Taxes are an inevitable part of successful investing. Generally, long-term investors should not shy away from realizing capital gains today, knowing that gains taken today help manage risk and open up new opportunities for upside (also, don’t forget that taxes incurred today can reduce the tax burden later in life).
Everyone’s situation is unique, and taxes are complicated, so it is best to seek expert advice. But the calculus is much more nuanced than just trying to minimize your current tax bill.
Headline of the Week
Purchasing Takes Off
US stocks ended the week near where they started. A welcome calm in the aftermath of the mini-banking crisis, which seems a distant memory ever since the Fed launched its Bank Term Funding Program. Most of the excitement was up in space (or at least part way up to space), but the Purchasing Manager’s Index (PMI) did manage to raise some eyebrows.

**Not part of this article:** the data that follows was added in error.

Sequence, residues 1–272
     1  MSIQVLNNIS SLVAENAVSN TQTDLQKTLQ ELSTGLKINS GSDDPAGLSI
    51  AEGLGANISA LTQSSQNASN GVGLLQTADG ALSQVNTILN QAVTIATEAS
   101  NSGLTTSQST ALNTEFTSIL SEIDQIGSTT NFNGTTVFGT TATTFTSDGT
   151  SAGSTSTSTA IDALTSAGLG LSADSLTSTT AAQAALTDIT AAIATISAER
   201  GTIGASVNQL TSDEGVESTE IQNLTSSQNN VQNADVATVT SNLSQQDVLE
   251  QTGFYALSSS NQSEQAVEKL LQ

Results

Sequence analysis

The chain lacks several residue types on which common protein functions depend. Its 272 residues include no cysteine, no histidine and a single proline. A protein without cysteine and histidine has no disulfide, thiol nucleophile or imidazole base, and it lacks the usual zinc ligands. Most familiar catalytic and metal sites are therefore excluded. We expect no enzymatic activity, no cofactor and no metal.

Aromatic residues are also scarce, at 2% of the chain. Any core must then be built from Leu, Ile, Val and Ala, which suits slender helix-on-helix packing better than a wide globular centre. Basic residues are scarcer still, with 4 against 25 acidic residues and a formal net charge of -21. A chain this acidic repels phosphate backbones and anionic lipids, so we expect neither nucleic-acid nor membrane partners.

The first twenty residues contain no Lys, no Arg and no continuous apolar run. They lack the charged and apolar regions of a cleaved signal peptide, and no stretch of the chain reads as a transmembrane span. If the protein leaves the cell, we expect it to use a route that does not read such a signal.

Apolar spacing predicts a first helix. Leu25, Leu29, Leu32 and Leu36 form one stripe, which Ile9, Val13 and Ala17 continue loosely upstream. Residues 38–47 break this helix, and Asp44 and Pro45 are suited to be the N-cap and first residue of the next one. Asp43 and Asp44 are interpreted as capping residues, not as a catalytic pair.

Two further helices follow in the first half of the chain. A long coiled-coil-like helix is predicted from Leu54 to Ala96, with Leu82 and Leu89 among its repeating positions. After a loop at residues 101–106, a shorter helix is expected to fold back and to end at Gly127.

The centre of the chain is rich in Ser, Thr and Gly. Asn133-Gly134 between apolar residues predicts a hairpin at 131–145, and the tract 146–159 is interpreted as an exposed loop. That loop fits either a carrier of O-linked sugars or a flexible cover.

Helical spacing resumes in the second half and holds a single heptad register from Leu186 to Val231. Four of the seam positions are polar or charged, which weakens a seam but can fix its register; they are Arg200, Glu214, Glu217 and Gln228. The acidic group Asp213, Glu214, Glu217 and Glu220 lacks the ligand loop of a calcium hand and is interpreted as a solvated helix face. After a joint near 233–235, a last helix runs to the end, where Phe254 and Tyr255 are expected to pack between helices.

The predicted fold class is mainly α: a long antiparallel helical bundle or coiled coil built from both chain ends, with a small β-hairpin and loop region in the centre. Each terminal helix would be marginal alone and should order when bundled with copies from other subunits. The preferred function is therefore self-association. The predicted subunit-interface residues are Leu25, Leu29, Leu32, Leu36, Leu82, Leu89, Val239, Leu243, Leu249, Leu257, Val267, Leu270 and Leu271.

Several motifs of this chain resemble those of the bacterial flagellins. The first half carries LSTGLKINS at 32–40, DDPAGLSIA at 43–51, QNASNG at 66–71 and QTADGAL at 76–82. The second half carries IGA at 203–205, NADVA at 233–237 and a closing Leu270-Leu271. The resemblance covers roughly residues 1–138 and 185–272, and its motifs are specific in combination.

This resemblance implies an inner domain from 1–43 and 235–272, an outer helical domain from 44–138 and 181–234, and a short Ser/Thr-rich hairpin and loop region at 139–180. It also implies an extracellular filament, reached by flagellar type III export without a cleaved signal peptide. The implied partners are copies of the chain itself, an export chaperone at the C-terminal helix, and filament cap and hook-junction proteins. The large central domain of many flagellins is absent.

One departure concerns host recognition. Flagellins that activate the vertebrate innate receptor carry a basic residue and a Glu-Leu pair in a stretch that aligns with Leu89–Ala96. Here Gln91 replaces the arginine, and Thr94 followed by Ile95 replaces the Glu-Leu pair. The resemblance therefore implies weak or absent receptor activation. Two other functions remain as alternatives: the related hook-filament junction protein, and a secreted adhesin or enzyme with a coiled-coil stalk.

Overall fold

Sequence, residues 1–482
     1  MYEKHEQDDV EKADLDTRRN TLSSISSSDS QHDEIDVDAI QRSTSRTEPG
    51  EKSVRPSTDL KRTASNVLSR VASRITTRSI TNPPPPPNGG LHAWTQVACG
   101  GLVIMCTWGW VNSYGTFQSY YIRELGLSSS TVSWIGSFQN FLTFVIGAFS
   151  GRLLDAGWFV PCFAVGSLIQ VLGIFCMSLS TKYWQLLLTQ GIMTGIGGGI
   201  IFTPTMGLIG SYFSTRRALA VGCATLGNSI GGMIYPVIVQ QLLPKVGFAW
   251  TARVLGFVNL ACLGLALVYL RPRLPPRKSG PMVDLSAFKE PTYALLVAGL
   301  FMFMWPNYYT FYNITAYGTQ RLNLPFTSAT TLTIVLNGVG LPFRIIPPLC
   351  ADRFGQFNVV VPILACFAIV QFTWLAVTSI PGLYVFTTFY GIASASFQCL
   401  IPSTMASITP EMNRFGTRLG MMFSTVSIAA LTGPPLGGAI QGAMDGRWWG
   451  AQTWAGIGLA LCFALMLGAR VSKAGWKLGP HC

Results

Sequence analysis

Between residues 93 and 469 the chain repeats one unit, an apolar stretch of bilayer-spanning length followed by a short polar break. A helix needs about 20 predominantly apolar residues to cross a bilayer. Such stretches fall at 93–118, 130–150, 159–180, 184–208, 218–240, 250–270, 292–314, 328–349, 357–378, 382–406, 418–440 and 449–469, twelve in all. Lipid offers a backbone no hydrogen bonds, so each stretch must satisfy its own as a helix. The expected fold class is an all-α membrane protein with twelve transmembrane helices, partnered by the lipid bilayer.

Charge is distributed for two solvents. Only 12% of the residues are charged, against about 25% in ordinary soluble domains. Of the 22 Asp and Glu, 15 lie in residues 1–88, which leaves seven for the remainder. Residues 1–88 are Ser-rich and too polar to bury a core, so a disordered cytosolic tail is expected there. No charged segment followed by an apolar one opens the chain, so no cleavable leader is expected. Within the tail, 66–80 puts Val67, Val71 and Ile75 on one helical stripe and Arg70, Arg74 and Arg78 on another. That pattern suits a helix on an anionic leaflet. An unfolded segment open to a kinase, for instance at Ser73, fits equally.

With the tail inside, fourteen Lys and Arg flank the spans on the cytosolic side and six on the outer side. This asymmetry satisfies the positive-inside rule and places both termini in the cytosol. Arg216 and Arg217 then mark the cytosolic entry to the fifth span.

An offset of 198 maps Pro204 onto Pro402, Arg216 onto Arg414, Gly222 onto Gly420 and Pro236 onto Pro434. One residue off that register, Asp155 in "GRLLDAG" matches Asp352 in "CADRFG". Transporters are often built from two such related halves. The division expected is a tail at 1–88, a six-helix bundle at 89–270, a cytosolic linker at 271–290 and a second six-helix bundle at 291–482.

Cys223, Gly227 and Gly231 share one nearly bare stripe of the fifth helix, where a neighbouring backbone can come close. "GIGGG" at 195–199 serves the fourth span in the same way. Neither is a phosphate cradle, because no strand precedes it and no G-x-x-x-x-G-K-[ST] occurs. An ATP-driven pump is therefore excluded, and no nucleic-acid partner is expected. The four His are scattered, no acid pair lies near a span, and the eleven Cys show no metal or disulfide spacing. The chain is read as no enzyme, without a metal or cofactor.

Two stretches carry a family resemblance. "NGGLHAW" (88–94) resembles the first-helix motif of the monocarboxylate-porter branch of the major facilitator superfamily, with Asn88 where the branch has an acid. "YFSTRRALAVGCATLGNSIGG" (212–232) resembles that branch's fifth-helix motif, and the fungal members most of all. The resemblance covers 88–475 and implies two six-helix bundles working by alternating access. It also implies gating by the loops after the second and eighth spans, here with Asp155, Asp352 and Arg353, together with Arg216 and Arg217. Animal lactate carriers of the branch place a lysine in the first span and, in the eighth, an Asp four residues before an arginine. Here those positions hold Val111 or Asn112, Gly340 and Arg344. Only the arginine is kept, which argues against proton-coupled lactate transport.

Friday’s Markit PMI came in above expectations. The Services index rang in at 53.7, well above the 52.3 expected. Above 50 implies growth. Services have remained strong despite the efforts of the Fed to pump the brakes. But perhaps it was the Manufacturing index that was more surprising. A reading of 50.4 beat expectations of 49.3 and is in growth territory (above 50) for the first time since October 2022.
This is a mixed blessing. On the one hand, it might suggest that the economic landing from the Fed’s rate increases might be soft. On the other hand, overheated economic expansion could feed inflation, causing the Fed to initiate a “rapid unscheduled disassembly” of the growth drivers.
The Week Ahead
This upcoming week is the biggest week of earnings season, but Gross Domestic Product and inflation reports could take center stage.
Next week’s Personal Consumption Expenditures Index (PCE) will be the last inflation report before the May meeting of the Federal Reserve.
- Current expectations are for a little more moderation in the inflation numbers, with core-PCE coming in at 4.5% year-over-year in March.